There’s a great deal of passion here between Tobin and Lily, so Lily’s stratagem quickly falls apart. Yet the regret and guilt Lily feels about Tobin’s father (as now that she’s fully adult, she has a much better idea of what was probably going on between Aunt Althea and Joseph Scott that had nothing to do with the Ashwood jewels), much less the guilt Tobin feels later on (as he realizes Lily was only eight; why should he blame her for reporting what she saw under the circumstances?), can’t help but complicate this romance further.
So, do Lily and Tobin find out who carried off the Ashwood jewelry? Will Tobin succeed in ruining Lily in every possible way? And what will happen to this pair long-term? All of these questions, and more, are answered in a thoroughly satisfying way.
As this is a romance, you can expect sparks to fly and the dialogue to sizzle, as it’s part of the genre. But what’s particularly good about THE REVENGE OF LORD EBERLIN is the strength of the characterization, as both Tobin and Lily could’ve easily become caricatures with less skillful treatment, yet are winningly brought to life by Ms. London.
The only minus here is the fact that Joseph Scott’s fate wasn’t ever in doubt. From the beginning, I knew he was innocent and that Tobin’s anger over his father’s death was real. The only real mystery about that is why Aunt Althea didn’t speak up to save Joseph from the gallows, but even there, Althea was married, albeit to a man who had many mistresses during the course of her marriage. In that day and time, women didn’t admit to taking lovers unless they were independently wealthy widows, so it wasn’t at all surprising why Althea said nothing — and why Joseph, loving Althea, said nothing even though it meant his death.
This one weakness is enough to keep this novel from getting the grade I’d wished to give, a solid A. Still, THE REVENGE OF LORD EBERLIN is a fine way to spend a few hours, and I enjoyed it very much indeed.
–reviewed by Barb
LAWYERS IN HELL is the first installment of the “Heroes in Hell” shared world anthology series, co-created by Janet and Chris Morris, in twenty-five years. And as such, it’s both welcome and relevant, as there are plenty of new authors and characters who have yet to experience Hell and all its forms.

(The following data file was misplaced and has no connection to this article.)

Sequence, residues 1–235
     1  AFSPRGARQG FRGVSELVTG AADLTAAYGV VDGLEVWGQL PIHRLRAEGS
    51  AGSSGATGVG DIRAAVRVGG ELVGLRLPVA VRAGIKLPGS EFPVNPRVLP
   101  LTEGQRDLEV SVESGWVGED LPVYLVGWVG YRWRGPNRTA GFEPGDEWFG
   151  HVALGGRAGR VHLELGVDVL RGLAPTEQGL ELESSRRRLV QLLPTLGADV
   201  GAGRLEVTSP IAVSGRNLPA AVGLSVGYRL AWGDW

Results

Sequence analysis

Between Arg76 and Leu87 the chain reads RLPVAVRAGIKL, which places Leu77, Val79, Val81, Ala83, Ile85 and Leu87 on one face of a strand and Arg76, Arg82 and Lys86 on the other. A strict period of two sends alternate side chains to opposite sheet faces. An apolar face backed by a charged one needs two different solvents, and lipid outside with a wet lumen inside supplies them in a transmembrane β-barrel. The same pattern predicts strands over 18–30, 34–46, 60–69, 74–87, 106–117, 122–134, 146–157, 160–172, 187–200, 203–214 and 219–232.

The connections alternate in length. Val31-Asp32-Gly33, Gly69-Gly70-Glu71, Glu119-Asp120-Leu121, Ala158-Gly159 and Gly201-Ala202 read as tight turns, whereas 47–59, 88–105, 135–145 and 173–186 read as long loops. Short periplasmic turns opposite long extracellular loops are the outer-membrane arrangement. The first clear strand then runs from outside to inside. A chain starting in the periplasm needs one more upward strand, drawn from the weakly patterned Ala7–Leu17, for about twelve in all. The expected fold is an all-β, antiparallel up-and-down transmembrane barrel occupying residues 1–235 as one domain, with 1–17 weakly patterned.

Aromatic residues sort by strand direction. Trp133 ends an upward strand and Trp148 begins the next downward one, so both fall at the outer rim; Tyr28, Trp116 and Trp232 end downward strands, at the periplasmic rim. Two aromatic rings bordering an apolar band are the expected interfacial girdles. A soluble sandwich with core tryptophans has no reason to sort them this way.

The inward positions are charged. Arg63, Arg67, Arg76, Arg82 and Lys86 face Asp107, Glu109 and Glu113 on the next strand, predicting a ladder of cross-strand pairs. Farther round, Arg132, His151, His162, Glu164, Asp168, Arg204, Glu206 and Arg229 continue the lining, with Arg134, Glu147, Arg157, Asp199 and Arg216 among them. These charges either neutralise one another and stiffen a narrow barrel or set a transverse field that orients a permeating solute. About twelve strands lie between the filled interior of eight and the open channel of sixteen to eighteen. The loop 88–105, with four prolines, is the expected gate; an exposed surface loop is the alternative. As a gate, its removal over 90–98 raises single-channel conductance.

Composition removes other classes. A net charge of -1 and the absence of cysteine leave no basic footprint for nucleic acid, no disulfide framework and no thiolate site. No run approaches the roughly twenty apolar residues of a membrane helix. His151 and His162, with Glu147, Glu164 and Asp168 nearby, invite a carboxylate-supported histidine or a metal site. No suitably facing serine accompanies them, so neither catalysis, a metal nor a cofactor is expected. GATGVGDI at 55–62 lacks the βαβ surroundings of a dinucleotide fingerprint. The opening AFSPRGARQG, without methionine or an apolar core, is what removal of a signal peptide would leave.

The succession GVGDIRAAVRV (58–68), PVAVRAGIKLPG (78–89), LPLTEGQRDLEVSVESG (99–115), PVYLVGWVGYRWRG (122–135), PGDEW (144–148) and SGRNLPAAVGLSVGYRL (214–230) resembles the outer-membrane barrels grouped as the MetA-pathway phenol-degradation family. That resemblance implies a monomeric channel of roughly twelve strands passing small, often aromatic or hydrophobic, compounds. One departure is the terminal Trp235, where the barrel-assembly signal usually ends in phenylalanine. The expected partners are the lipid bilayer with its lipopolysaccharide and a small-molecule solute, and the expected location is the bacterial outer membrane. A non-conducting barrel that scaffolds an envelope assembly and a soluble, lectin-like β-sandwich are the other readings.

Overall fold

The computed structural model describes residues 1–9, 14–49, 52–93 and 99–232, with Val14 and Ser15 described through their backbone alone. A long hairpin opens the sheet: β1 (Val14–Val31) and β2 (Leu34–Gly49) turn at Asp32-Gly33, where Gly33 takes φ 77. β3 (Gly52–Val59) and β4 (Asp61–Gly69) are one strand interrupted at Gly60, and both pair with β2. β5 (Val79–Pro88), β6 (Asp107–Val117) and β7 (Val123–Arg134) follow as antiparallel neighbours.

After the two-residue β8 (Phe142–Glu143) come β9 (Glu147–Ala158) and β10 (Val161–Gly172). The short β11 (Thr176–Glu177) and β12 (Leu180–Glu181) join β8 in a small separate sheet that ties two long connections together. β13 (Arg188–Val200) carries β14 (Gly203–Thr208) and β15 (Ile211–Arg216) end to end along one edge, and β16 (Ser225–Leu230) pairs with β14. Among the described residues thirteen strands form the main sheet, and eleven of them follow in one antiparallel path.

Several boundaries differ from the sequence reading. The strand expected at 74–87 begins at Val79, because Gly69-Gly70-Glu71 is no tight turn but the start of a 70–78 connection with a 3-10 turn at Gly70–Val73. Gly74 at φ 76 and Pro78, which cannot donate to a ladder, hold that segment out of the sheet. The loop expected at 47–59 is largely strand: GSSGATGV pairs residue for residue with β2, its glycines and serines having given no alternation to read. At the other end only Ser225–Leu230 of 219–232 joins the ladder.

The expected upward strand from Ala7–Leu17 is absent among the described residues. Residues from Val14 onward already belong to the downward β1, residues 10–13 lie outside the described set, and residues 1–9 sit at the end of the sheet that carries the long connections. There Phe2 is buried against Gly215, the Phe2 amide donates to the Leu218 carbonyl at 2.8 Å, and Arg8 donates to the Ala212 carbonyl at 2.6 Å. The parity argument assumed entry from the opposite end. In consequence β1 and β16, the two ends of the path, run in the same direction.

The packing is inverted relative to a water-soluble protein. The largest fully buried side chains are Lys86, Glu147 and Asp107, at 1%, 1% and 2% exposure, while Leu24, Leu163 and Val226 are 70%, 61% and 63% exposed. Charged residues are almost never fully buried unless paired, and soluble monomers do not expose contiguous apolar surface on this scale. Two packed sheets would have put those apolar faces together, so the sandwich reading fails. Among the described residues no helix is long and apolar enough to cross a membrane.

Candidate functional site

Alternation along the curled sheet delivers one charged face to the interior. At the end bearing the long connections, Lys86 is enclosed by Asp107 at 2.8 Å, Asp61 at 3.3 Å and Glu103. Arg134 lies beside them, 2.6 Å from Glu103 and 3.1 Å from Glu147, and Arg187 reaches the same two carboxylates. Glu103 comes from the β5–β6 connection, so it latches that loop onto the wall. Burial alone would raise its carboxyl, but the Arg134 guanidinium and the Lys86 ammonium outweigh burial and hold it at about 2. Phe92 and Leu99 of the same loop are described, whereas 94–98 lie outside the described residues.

The best stories here are the “framing” stories by Chris and/or Janet Morris, which are, respectively, the introductory “Interview with the Devil” (credited to both), “Tribe of Hell” (credited to Janet) and “Erra and the Seven” (credited to Chris). These stories help explain what’s going on in Hell these days, which is extremely important as the Akkadian God Erra and his seven Sibitti are rampaging through Hell while conducting an audit. (I’d call the Sibitti “henchmen,” as they do whatever Erra asks without question, except that it’s shown in these stories that at least one of the Sibitti does have a mind of his own.) Because Erra is not exactly a user-friendly God (he makes Satan appear positively merciful by comparison), the Morrises are able to show how much worse the denizens of Hell could have it if Erra’s audit does not go well.
There are twenty-two different stories in this collection, which is why a review of every last one of them is impossible. Complicating matters is that two of the very best stories that aren’t from the Morrises are by Jason Cordova and Leo Champion, who both review books (Jason often, Leo sporadically) here at Shiny Book Review. That said, my best — and worst — stories follow, with the caveat that all of the stories in this collection are, bare minimum, competent stories that adhere faithfully to the “Heroes in Hell” mythology and milieu, so “worst” is a relative term.
Larry Atchley, Jr.’s, “Remember, Remember, Hell in November” is an excellent story about Guy Fawkes, “Church of Satan” founder Anton LaVey, and how neither one of them finds things exactly as they’d expect in Hell. (Fawkes, of course, believes he should be accounted a martyr and be in Heaven instead, while LaVey expected instantaneous rewards once he descended into Hell.) Atchley deftly incorporates the “Welcome Woman,” a common figure seen in this anthology and many of the others, into his story without a hitch, a nice touch.